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Community is Hard, Community is Beautiful
While preparing to come to Covenant, I heard a lot about the community. So, when I came in, wide-eyed and innocent, I expected it to be something that just happened. It quickly became apparent that this would not be the case. I found myself alone in my room even at times when I wanted to be around others. I knew there were people around, but I didn’t know how to reach out to them. Because I’d heard so much about Covenant’s community, I hadn’t really considered I’d have to.
A lot of the difficulty reaching out came from a fear of rejection. When I saw a group of people hanging out, there was and still is an uncertainty to whether or not I’d be welcome. I didn’t want to be invasive, but I didn’t want to be alone. I wasn’t unfamiliar with the balancing act, though I had by no means mastered it, but I had naively assumed that it would be easier in college. Instead, I often found myself alone at times when I desired community.
And it seemed like I was the only one dealing with all of this. It seemed like all the other new students had found their people with no trouble at all. On hard days, it seemed like everyone else had formed groups, and I’d somehow been too late to make it into any of them. But I was reminded by faculty and other students alike that I was far from alone in trying to navigate this whole new social scene. It became clear that the uncertainty was a part of the average transition to college life.
Recognizing that others are likely having similar difficulties can be an important first step in reaching out towards each other. It allows us to understand that when you try to forge friendships, it’s not about entering someone else’s already formed friend group. Instead, it’s about extending an invitation to the people around you in order to navigate a new world together. It’s about forming mutually beneficial relationships, not exclusive groups. And although I write from a freshman’s perspective, I don’t assume this is only a challenge for new students. I believe this is something we continue to struggle with and learn throughout our lives.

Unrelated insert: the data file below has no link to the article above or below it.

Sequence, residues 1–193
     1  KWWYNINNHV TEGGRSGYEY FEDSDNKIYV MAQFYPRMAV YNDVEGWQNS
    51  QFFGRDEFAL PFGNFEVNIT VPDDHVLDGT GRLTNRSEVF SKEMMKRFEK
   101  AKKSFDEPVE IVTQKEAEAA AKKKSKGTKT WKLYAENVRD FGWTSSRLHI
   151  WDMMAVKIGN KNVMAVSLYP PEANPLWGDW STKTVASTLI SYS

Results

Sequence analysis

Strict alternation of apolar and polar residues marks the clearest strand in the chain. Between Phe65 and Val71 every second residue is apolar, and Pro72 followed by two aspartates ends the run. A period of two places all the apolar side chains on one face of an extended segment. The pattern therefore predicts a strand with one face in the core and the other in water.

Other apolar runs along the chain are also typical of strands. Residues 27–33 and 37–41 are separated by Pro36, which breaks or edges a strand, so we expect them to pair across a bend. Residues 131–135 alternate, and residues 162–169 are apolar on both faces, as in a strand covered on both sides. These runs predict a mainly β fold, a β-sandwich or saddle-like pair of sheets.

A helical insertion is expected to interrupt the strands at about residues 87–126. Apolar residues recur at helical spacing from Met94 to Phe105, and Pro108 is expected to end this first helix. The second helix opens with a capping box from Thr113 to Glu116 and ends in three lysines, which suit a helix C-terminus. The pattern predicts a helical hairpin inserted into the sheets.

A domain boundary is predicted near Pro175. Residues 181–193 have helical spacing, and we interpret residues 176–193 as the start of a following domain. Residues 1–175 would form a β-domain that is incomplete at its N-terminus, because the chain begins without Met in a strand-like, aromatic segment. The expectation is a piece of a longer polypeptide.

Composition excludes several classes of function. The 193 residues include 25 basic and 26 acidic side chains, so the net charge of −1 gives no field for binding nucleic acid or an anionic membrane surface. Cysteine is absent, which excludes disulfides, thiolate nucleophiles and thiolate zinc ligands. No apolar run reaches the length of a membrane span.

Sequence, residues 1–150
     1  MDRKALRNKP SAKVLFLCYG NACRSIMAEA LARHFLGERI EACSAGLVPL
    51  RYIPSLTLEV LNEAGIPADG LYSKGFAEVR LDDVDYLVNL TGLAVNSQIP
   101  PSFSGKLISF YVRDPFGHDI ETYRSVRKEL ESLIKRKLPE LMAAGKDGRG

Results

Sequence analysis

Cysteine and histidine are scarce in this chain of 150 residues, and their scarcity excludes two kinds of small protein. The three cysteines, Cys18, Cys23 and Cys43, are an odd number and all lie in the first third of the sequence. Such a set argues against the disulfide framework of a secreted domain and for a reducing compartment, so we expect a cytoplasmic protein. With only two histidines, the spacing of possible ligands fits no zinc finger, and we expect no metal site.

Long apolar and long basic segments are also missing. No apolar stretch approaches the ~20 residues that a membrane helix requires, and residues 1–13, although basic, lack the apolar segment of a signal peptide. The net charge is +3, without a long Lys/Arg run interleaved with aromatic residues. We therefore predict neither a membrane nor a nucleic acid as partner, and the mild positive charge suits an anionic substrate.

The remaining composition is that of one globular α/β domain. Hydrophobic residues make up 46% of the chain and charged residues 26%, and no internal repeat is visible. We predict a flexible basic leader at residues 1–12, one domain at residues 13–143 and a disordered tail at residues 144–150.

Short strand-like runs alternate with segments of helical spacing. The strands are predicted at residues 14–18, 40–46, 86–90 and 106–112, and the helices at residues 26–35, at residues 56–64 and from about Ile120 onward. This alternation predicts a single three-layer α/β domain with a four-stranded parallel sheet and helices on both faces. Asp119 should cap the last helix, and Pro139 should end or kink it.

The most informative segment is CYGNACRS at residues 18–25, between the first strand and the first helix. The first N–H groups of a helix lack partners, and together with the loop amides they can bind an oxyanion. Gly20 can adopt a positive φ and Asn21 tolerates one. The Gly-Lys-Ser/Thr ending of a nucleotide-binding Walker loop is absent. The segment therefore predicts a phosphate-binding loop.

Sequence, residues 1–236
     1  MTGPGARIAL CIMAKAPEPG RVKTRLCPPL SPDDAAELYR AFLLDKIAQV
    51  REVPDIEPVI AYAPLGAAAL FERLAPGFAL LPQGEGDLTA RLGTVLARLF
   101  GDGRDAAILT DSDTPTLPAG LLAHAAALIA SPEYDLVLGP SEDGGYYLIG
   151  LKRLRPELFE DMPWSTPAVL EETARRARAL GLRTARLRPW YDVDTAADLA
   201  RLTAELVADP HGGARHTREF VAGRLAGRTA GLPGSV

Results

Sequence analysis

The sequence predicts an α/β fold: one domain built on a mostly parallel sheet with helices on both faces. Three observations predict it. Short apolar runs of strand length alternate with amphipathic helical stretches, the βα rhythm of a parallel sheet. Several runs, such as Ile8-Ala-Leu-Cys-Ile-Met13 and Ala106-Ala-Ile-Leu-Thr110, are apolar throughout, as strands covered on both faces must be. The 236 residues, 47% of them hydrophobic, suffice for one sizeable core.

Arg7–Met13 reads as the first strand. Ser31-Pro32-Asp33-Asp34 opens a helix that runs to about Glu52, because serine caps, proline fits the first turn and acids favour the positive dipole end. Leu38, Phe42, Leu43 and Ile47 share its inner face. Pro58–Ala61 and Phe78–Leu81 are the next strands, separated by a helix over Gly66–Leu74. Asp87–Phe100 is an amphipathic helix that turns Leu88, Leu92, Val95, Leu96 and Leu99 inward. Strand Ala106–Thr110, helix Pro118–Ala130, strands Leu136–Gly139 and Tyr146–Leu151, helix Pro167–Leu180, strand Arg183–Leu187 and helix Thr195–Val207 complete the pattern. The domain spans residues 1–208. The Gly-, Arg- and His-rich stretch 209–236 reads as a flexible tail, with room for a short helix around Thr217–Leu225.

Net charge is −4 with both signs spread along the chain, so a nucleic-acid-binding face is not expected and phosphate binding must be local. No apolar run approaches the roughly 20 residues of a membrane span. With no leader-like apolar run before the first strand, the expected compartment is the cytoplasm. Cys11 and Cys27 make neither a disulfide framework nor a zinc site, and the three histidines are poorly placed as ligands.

Having said that, I want to clarify that just because most people deal with uncertainty in this transition does not mean that everyone experiences it in the same way or to the same degree. It will take people who are a little more comfortable reaching out to make others feel welcome. The processes to make connections and build relationships will look different for everyone and may take more time for some, but that doesn’t mean it’ll never happen. Community takes time. But between the moments of confusion and tears, there are moments that remind you of what it’s all for.
Community is beautiful.
One of the days that stood out to me for reminding me of the beauty of community is Day of Prayer. Whether it was singing praise with the student body at Rock City, having breakfast and worship with my hall, or watching “The Princess Bride” in the commons with friends while other friends baked in the kitchen, everything about that day reminded me of a holiday with my family. But what was it that made that day so special? Sure, the moments where we simply hung out and watched movies were fun, but I think the beauty of that day points to something deeper about our school. Covenant doesn’t just have community. It has fellowship.
I have always understood fellowship to be the way believers interact with one another as they seek to glorify God together. When Christ is our focus, our relationships with each other become deeper for it. If we are striving to follow Christ, it will become evident in the way we treat each other. In John 13:14, Jesus says, “by this all people will know that you are my disciples, if you have love for one another.” When Christ is central, it should be evident in our relationships.
In the short time I’ve been at Covenant, I have observed this fellowship as vital to the community. It is as we sit together lifting our voices in prayer and praise or as we seek to build each other up in our relationships with Christ that I understand why Covenant’s community is so strong. It is in those moments that I am overwhelmed with gratitude for a school that strives for Christ’s preeminence in all things. The fellowship at Covenant makes for a deeper, richer community.
College is a unique time in our lives. It is likely the only time in our lives in which we will live in a close community with our friends. And for Covenant students, it is more than that because we do all of this with the purpose of glorifying God. This is shown in the way we pray with and for each other. It is in the way we sing God’s praises in a community. It is in the way we study God’s word. It is evident when we are honest with one another and seek to help others grow in their relationships with Christ.
Even with fellowship as our goal, relationships aren’t always easy. Just a few days after Day of Prayer, I was once again reminded of the challenges I faced in trying to navigate a new social scene. There have been highs and lows, and I am confident there will be more. But I am also confident that community and fellowship are worth the heartbreak and loneliness. It is a slow, rocky process, but it can lead to richer relationships, both with God and others. And as we walk that bumpy road, looking to glorify God in the relationships we form will make it so much deeper. Fellowship will be worth the struggle.
This article originally appeared in the Oct. 24, 2021 issue of The Bagpipe.